Everyone can learn about response protocols, how to report, and what to do when abuse is disclosed
We all have a role to play to keep sport safe for youth. The conversation has already begun around injury prevention, concussion awareness, updating training methods, nutrition, and more.
But what of bullying and harassment, as well as emotional, physical, and sexual abuse? These are topics that should be part of the larger conversation about athlete safety.
Learning how to recognize abuse and misconduct in sport settings—and taking steps to prevent it—are foremost in creating a safer sport culture. But it’s still not enough. Having the knowledge and understanding to respond effectively if harmful behavior arises is a skill that everyone involved in sport should possess.
The U.S. Center for SafeSport’s Emotional & Physical Abuse & Misconduct Toolkit was created for coaches, volunteers, administrators, and others who work directly with athletes. A key component of the toolkit lays out thoughtful and constructive ways to respond to abuse and misconduct.
Being prepared if emotional or physical abuse or misconduct is disclosed is crucial to responding effectively. These considerations should be top-of-mind when developing a response protocol:
It can be hard to know what to say when someone tells you they have experienced misconduct or abuse, especially a child. But one thing is for certain: they trust you with this important information. Responding to disclosures with care and compassion—and the proper language—can set the tone for an effective response:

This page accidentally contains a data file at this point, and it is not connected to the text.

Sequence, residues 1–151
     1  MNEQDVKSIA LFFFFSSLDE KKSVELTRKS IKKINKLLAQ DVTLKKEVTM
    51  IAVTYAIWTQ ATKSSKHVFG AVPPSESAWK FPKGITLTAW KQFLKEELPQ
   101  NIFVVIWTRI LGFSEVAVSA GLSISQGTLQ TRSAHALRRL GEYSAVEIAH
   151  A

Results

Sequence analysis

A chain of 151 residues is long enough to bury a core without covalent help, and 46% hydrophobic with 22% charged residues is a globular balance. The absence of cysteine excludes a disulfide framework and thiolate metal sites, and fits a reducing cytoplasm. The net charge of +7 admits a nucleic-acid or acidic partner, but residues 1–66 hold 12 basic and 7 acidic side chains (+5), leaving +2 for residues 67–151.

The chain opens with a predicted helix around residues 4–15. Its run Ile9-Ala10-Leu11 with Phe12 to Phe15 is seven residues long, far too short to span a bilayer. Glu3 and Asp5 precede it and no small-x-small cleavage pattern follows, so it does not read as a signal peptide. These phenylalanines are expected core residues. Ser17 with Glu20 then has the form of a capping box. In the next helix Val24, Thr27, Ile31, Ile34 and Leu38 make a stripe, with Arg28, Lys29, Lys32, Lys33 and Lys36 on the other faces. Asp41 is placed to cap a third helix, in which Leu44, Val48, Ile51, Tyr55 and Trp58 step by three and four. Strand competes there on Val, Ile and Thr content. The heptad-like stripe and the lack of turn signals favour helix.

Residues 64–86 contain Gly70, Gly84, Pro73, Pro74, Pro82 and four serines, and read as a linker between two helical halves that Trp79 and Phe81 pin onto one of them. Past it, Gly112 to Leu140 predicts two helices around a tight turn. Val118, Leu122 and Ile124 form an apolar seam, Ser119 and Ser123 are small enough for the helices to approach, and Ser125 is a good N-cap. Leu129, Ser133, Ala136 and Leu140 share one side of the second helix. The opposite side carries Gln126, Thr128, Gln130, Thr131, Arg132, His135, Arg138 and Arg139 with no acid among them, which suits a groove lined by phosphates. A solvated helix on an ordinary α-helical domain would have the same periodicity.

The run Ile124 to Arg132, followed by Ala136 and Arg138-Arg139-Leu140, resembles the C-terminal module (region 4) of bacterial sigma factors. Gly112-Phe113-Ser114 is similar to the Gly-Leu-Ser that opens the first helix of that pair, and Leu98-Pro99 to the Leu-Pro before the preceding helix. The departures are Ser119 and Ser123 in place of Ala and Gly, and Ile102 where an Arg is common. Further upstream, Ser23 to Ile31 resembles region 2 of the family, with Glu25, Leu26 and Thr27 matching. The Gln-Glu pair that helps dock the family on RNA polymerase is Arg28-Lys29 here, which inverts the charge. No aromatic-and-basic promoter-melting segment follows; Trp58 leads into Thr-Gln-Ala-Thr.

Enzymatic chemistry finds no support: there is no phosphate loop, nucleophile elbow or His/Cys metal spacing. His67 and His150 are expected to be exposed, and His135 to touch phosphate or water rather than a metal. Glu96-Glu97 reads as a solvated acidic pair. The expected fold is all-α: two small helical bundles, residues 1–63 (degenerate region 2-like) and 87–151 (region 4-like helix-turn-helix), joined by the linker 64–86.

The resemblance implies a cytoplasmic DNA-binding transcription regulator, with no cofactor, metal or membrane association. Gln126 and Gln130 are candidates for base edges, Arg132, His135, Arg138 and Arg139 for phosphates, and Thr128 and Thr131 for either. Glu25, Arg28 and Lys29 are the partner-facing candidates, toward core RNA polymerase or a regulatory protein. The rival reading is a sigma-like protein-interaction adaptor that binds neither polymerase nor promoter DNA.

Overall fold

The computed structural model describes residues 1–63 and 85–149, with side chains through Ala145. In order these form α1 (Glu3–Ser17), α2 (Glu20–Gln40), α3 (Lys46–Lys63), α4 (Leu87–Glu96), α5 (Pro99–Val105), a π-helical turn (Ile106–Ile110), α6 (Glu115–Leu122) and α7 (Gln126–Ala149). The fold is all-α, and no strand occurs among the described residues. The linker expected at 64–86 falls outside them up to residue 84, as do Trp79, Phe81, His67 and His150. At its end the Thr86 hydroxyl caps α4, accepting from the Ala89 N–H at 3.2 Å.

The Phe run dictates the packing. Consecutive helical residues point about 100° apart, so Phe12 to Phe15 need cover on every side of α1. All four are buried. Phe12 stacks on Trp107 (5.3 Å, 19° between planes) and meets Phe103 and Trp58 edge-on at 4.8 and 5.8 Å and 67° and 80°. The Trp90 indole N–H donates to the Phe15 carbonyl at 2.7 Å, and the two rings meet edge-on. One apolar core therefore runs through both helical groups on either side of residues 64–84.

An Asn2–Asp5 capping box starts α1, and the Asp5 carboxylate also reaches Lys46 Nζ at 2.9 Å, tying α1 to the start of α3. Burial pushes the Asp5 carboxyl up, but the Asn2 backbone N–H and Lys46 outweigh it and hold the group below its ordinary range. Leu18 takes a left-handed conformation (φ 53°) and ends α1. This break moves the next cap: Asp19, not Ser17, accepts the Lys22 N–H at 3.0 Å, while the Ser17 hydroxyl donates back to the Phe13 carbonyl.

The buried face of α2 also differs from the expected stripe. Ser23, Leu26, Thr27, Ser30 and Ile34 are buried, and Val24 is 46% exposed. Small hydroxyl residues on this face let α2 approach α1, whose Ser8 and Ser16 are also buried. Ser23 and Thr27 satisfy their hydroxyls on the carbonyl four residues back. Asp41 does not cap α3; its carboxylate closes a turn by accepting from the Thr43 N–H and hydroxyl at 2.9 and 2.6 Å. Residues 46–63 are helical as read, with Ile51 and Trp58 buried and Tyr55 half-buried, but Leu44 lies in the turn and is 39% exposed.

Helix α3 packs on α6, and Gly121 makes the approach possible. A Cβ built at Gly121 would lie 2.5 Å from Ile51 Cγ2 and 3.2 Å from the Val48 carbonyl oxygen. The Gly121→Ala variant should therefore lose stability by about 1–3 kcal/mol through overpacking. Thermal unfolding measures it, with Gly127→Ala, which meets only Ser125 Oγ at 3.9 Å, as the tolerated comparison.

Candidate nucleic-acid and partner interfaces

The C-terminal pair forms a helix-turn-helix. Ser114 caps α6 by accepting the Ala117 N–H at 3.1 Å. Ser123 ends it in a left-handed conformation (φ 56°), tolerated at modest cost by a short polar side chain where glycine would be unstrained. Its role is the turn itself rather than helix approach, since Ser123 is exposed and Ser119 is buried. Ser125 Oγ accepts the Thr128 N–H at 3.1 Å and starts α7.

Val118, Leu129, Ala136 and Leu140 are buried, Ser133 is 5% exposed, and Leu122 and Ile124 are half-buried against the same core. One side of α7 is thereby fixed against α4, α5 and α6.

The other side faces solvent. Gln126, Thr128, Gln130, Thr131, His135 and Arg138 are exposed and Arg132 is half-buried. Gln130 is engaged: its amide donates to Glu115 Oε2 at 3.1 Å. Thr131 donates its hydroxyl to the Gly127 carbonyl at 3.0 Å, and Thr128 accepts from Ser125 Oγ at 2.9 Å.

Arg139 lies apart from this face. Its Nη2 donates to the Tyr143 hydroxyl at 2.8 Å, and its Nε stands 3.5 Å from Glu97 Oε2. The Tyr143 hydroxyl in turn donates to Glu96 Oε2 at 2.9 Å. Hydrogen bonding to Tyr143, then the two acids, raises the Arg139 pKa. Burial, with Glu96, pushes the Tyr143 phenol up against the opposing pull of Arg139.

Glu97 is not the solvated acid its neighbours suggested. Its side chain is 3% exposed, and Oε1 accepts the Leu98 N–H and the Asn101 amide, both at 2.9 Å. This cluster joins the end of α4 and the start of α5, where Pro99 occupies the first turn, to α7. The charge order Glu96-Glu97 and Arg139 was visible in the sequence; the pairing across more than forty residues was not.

As highlighted in the toolkit, ignoring abuse and misconduct or assuming someone else is taking care of it is not an option. Those who observe or have knowledge of harmful behavior must do something. Report any known or suspected abuse and misconduct according to applicable laws and policies. This can mean reporting to organizational leaders as well as local law enforcement, depending on severity.
It’s common for people to be afraid to report abuse and misconduct for fear of retaliation from coaches, organization leaders, and peers. It’s important that programs or organizations prohibit and monitor this type of toxic behavior. Examples of retaliation against those making a report include an administrator demoting a coach, an athlete threatening a teammate, or a coach dropping a player from the team.
Retaliation can have a cumulative negative effect by causing further harm to those who have experienced abuse; erode trust within an organization; discourage others from reporting misconduct; and contribute to a culture that tolerates abuse and misconduct.